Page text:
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Convention Center Gigs

Tone Taster

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I have thought about this market for a while, but am not sure how to tap into it.


How does it work?


Do the corps set up the date w/the convention center, then the conv ctr has booking agents, who in turn, book the bands?


So, if one wished to start a conv ctr working group, would they have to find out which agents have dibs on the conv ctr?




could you just print up some cards and pose as an agent w/ a "new" agency in town (but not reveal that you are a musician, because they think we are scum), and promote "one of your acts" to the conv. ctr?


What makes this thing tick?

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Well, when you think about it and put yourself in the organizer's shoes, they'll want to go through an agency.


An agency is going to weed out the crap bands and hire the bands that are going to give the customer (in this case, these are mostly corporations and their representatives) what they want.


So, if you're a band and you're trying to book yourself into multiple convention center gigs, your best bet is to work with an agency that is already working with the convention center.


Call up the promotions/events director at the convention center and see if he/she will give you the name of the agency they use. Go to that agency and find out what they need to put you on the roster.


That's what I'd do.

"Music expresses that which cannot be put into words and that which cannot remain silent." - Victor Hugo
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Every corporate/convention gig I have played has been organized by an event planning agency. Who in turn subcontracts everything, including our band through our agency.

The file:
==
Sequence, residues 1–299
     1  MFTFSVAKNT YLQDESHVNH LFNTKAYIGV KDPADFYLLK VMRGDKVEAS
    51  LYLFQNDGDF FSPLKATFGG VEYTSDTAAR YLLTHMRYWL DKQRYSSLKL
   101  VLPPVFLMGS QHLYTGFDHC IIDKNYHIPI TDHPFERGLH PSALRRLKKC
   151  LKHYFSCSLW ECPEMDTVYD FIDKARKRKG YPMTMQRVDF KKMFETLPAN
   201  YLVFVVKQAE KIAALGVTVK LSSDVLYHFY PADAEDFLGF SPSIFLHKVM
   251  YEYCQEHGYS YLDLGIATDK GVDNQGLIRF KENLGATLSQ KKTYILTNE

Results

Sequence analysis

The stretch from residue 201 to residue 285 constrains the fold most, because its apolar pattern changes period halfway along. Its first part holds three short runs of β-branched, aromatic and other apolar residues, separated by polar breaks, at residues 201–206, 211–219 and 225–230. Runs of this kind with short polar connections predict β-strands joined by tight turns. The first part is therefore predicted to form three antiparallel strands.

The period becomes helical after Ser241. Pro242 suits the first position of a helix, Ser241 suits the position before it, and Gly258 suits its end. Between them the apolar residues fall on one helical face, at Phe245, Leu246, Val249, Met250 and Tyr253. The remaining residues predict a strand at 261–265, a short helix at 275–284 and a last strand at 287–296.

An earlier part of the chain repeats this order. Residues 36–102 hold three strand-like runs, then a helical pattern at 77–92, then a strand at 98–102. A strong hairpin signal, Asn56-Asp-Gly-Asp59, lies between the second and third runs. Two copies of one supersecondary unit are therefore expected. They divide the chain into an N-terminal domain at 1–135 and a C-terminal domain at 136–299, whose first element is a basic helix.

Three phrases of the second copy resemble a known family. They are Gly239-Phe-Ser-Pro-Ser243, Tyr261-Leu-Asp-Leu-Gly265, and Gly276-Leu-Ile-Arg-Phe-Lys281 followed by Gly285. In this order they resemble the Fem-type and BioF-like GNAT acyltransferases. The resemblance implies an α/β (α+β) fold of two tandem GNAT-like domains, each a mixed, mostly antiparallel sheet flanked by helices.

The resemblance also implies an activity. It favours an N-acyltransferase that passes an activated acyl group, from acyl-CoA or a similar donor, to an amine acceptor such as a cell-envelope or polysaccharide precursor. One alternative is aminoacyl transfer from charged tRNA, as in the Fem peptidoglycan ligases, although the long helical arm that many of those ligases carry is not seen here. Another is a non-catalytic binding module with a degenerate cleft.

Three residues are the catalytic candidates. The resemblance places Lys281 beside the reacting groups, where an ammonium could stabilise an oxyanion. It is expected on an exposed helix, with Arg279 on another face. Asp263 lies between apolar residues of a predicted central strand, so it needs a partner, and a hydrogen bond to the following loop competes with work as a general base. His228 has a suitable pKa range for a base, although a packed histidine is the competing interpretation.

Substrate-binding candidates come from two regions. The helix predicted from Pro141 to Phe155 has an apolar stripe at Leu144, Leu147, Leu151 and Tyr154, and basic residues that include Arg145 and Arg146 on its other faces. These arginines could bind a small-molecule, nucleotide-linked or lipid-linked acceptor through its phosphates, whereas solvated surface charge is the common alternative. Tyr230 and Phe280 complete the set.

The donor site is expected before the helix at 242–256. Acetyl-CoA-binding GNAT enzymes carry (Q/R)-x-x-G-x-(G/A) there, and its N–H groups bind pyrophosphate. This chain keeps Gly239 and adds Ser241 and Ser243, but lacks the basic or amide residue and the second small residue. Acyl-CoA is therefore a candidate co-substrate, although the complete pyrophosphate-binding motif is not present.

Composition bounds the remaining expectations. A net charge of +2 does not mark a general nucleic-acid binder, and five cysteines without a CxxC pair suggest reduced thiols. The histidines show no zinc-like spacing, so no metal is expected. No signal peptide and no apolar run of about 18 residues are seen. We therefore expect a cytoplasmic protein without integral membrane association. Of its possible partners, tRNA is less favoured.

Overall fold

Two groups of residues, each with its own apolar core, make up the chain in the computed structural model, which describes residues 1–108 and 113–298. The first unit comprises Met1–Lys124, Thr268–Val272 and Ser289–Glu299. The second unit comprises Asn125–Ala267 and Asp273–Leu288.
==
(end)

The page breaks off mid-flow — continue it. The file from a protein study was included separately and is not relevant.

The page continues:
Ask around you will probably start hearing the same names frequently. Talk to people in catering companies, magicians, impersonators, sound companies, other bands. Don't expect the other bands to be real forthcoming though, there is only so many gigs to go around and they are generally the best paying, by far.

Get with a good agent!




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So what is the overall vibe of conv ctr gigs?


One kybd member here posted, that it is pretty non-responsive for most of the time the band is up there.


So what do you play? More Instrumental stuff like Kenny G or Booker T / Fourplay, etc. . .?


Then the post continued in that, once the bosses leave, they get a little loose and start dancing.


So is it the last set that people get loose or 2 sets?


Do you do 45/15's for 3 or 4 hours?


So what type of stuff for the "loose" set?

Top 40/Dance, 70's disco/Funk, R&B/soul hits?

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We generally play our most varied material in the first set. We go from 1940's to 2000's. Swing to rock to country.

We have found with the right material you can get people up dancing right

We usually do 2 long sets followed by a shorter third set.




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Another vote for getting an agent. It's practically the only way in.


Some of them are horrible, you play in the background while 2000 doctors walk the convention floor looking for next magic pill.


Others a great. People are out of town, away from their wives and co-workers and really let loose.


We do a specialty 60's rock act so we generally get booked for ones which cater to an older crowd.


It's definitely worth looking into. We get approximatly 3 to 4 times the pay for two hours than we get for 4 hours at a club. It's great work when you can get it.


A Lifetime of Peace, Love and Protest Music


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